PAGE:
• Chandran Gnanamuthu, MD, FACP – Bangalore Karnataka
  • Chakravarthy S. Maddipati, MD, FACP – Kochi
  • Brij Mohan Makkar, MD, FACP – New Delhi
  • Charanjit Singh, MD, FACP – Baramulla J & K
  • Anuradha Subramanian, MD, FACP – New Delhi


  • Patrice M. Francis, MD, FACP – Kingston

  • Samantha S. Nicholson-Spence, MD, FACP - Kingston


  • Tetsuya Makiishi, MD, FACP – Otsu, Shiga


  • Ricardo Berea Baltierra, MD, FACP – Mexico City

  • Elpidia Vela Martinez, MD, FACP – Mexico City


  • John Oghenevwirhe Ohaju-Obodo, MD, FACP – Oghara Delta


  • Mohammad Yousuf Awan, MBBS, FACP – Rawaplindi


  • Ana Belen Arauz Rodriguez, MD, FACP – Panama


  • Carlos Walter Contreras Camarena, MD, FACP – Lima

  • Walter Hidalgo Caceres, MD, FACP - Lima


  • Walid S. Hassanen, MBBCh, FACP – Doha

Saudi Arabia

  • Mussa Almalki, MBBS, FACP - Riyadh


  • Paul Michael Yen, MD, FACP – Singapore

Sri Lanka

  • Nandana Dickmadugoda, MBBS, FACP – Tangale Southern

Trinadad and Tobago

  • Taarik A. Dookie, MBBS, FACP – Maraval

United Arab Emirates

  • Hala Abuzeid Ahmed, MBBS, FACP – Abu Dhabi

  • Amer K. Albadry, MBChB, FACP - Sharjah
  • Bisher O. Mustafa, MD, FACP – Abu Dhabi


  • Bernardo Beker, MD, FACP - Caracas



Highlights from ACP Internist and
ACP Hospitalist

ACP Internist November/December 2014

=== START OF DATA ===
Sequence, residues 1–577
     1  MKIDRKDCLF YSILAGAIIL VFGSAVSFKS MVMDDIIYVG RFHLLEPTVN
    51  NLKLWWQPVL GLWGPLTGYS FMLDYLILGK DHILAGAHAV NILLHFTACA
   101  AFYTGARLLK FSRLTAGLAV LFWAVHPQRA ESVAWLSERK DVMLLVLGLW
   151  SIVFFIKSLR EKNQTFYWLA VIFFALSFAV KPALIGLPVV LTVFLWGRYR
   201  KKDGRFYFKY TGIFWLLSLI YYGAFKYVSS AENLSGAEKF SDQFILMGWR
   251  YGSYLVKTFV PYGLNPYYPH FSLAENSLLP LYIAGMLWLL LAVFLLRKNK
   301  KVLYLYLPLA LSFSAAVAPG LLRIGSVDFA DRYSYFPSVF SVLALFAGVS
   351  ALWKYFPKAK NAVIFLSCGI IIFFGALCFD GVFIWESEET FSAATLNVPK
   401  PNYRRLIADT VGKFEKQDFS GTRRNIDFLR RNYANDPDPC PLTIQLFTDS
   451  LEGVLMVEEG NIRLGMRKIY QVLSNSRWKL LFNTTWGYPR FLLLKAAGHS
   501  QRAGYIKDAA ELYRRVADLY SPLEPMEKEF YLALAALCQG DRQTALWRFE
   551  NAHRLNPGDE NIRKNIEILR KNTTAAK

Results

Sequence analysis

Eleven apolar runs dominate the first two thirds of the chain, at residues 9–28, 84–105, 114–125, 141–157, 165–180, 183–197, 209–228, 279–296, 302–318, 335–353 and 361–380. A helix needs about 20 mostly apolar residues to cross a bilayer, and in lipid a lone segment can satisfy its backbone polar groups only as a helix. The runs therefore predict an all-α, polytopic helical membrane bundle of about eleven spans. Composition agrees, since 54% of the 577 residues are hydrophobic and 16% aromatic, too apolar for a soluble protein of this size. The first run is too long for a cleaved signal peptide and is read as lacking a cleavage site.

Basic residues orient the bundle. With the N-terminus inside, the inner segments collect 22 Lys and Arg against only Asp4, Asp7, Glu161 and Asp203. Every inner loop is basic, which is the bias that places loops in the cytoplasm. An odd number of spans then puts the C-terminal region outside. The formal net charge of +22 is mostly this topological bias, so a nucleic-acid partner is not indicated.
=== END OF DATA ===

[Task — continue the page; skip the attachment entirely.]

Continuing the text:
ACP Hospitalist December 2014



College Corner

Chapter Excellence Award Winners

We are happy to announce that twelve international chapters are in receipt of the 2014 Chapter Excellence Award. These are the Alberta, Brazil, British Columbia, Central America, Chile, Colombia, Japan, Mexico, Ontario, Quebec, Saudi Arabia and Venezuela Chapters. These chapters are in receipt of this award because they have made great strides in chapter management in numerous ways. These include such activities as formulating an effective Governor’s Council and committees, communicating frequently with their membership, providing educational opportunities, recruiting and advancing members and celebrating their membership through local awards. Congratulations to these chapters on a job well done!



MKSAP 16 Answer & Critique

Answer: A, Enoxaparin for 5 weeks

Educational Objective: Manage postoperative venous thromboembolism prophylaxis in a high-risk patient.

Critique: The most appropriate treatment for this patient is venous thromboembolism (VTE) prophylactic therapy for up to 5 weeks with a low-molecular-weight heparin (LMWH), such as enoxaparin. VTE is a major preventable postoperative complication, and nearly all surgical patients should receive some VTE prophylaxis postoperatively. Patients at high risk for VTE, including patients with previous VTE, patients who have undergone orthopedic surgery, and patients with some cancers (especially gynecologic malignancy) should receive extended (up to 5 weeks) prophylaxis with LMWH.